Accidents are secular in nature, not Punjabi | chandigarh | Hindustan Times
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Accidents are secular in nature, not Punjabi

This fortnight PBN wants to draw your attention to a very crucial issue which is one of the leading causes of death in the state of Punjab. After all the intent of Punjabi by Nature (PBN) has always been to challenge the status quo and if the column hasn’t been thought provoking enough then I reckon it has failed its call of duty. Writes Khushwant Singh.

chandigarh Updated: Jul 27, 2014 08:09 IST
Khushwant Singh

This fortnight PBN wants to draw your attention to a very crucial issue which is one of the leading causes of death in the state of Punjab. After all the intent of Punjabi by Nature (PBN) has always been to challenge the status quo and if the column hasn’t been thought provoking enough then I reckon it has failed its call of duty.

Let us for a moment divert our attention from the ongoing conflict at Gaza, the tragic death of 400 plus airline passengers on the Malaysian Airlines plane MH17 or the SGPC versus Haryana government issue to the treacherous and killer roads of Punjab where at least 13 people die every day.

These roads are becoming the biggest gobblers of lives and it is high time we realized that and did something about it. In fact some would argue that the uncertainty of travelling on Punjab’s roads nowadays is higher than it was in the peak days of militancy as accidents have no hit list. Unlike other forms of violence in India, accidents are secular and do not differentiate between class and caste. One wrong move by you or the other driver and you are dead meat.

This deadly situation is a perfect case for us to start making a fuss about the deteriorating road safety conditions while obeying traffic rules ourselves; after all a good traffic sense is the least PBN expects from its readers. I’m sure this column’s readers are not like those dimwit Punjabis who think crossing a red light or disobeying a rule is Punjabi Pride. And yes, no driving drunk please as this ‘main theek haan’ (I am ok), syndrome after consuming alcohol is the most dangerous.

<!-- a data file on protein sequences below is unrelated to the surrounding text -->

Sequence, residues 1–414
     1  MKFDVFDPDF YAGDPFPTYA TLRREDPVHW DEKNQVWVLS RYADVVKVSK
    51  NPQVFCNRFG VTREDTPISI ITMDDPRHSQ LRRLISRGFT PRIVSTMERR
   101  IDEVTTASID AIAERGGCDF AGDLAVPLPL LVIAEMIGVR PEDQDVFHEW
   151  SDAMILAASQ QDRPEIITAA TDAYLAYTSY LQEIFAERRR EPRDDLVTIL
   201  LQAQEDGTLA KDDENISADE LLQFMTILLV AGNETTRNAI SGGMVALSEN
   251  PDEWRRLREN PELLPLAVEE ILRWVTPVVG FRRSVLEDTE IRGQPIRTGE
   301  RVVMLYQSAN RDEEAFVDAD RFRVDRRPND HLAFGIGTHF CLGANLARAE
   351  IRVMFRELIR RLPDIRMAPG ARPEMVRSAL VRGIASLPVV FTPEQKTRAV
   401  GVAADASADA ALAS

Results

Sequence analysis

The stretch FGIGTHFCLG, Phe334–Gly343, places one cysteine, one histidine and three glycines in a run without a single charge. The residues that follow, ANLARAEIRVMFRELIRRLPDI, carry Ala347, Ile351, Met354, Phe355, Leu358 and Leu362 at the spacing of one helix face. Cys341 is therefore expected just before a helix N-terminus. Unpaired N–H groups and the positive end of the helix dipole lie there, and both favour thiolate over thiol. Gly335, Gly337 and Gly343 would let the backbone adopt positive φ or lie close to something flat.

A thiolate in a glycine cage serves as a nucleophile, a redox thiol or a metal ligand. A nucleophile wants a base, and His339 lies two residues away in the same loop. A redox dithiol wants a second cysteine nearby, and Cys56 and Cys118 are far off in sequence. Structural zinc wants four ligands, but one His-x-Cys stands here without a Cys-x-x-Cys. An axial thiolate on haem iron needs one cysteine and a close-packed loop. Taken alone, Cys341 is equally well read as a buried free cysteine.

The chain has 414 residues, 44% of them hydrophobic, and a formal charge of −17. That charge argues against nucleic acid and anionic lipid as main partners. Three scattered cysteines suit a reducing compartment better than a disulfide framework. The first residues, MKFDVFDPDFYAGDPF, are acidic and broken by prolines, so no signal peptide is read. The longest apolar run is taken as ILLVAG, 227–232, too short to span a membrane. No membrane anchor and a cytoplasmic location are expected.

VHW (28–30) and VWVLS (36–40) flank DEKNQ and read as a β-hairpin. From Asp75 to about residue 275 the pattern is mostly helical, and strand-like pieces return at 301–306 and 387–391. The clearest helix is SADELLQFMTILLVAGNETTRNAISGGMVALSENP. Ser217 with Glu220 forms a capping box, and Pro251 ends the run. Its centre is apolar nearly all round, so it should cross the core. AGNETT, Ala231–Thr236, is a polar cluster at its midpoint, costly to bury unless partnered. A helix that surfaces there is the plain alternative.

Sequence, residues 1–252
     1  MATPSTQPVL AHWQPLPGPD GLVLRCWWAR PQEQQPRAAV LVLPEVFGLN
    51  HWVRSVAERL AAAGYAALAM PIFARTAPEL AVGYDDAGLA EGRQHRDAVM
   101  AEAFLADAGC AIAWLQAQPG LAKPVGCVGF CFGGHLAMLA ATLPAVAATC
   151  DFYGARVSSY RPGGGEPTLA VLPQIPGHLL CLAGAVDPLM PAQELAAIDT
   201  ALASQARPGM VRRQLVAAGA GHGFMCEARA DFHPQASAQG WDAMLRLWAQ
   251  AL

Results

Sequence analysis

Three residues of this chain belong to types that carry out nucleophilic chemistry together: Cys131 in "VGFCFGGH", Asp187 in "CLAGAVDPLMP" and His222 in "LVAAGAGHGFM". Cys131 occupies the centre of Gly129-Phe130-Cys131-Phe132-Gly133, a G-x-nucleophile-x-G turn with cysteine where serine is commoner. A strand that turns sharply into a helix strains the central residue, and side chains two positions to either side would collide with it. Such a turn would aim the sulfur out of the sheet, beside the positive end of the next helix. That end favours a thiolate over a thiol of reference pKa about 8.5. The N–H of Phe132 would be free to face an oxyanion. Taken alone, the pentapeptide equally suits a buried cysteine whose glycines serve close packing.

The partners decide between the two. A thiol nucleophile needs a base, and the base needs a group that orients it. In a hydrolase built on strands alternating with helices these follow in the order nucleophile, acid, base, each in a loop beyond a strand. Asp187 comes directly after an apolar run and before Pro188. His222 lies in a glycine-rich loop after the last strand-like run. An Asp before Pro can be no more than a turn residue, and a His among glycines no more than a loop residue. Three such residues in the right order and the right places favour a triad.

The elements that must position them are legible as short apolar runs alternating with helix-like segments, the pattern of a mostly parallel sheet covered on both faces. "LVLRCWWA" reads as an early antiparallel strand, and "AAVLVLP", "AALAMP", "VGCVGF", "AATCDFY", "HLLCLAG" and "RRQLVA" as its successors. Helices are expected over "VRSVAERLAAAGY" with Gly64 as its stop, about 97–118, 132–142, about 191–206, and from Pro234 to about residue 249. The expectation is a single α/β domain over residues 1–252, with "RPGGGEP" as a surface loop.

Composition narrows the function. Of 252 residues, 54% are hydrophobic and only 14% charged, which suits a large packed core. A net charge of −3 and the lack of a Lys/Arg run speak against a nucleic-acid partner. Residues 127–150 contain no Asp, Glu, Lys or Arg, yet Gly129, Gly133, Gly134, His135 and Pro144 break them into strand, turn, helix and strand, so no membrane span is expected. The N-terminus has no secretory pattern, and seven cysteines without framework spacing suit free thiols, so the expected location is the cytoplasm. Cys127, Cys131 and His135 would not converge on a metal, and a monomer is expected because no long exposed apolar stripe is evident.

Coming back to the tragic stories that accidents provide to newspapers, my question is that how long can we keep grieving over the loss of lives that were meant to flourish? Especially when the remedy is a non brainer, that is, enforcing rules. And believe me you don’t need money to implement rules, only a strong will.

Just because successive governments have patronised bad traffic does not mean that we don’t raise our voice against this growing highway terrorism. When I say patronising, I mean the government’s willful ignorance of such critical matters which can be seen as a form of assistance. I personally believe that sorting out this menace is more important to the people than the issue of who manages which religious place. Yes, it is that serious. Politics is of no concern to a parent who has lost a child and a family its breadwinner.

Let me throw at you some statistics- According to a WHO statistic, India leads the world in road accident deaths and there is one fatal accident every 3.7 minute. And did you know that most of the deaths are amongst young people between the age group of 1529? Statistics also suggest most of the killed are either pedestrians or cyclists and many of them are the bread earners of their respective families. In other words someone crushed under your SUV or one of the reckless buses owned by these politicians could have be the sole bread earner of a family. PBN is not getting bureaucratic here and launching itself into a debate of causes and remedies of accidents as this column has a clear agenda. There is growing number of deaths on the highways and the policy makers better do something about it as accidents spare no one. Not even the ones with the red ghugoos (red beacons).

Here is some Pub philosophy-During my visit to Windsor in UK I read a very meaningful message on a pub which I thought of sharing with the readers. It said, “Dedicated to life, liberty ,food, drinks & other less serious matters.”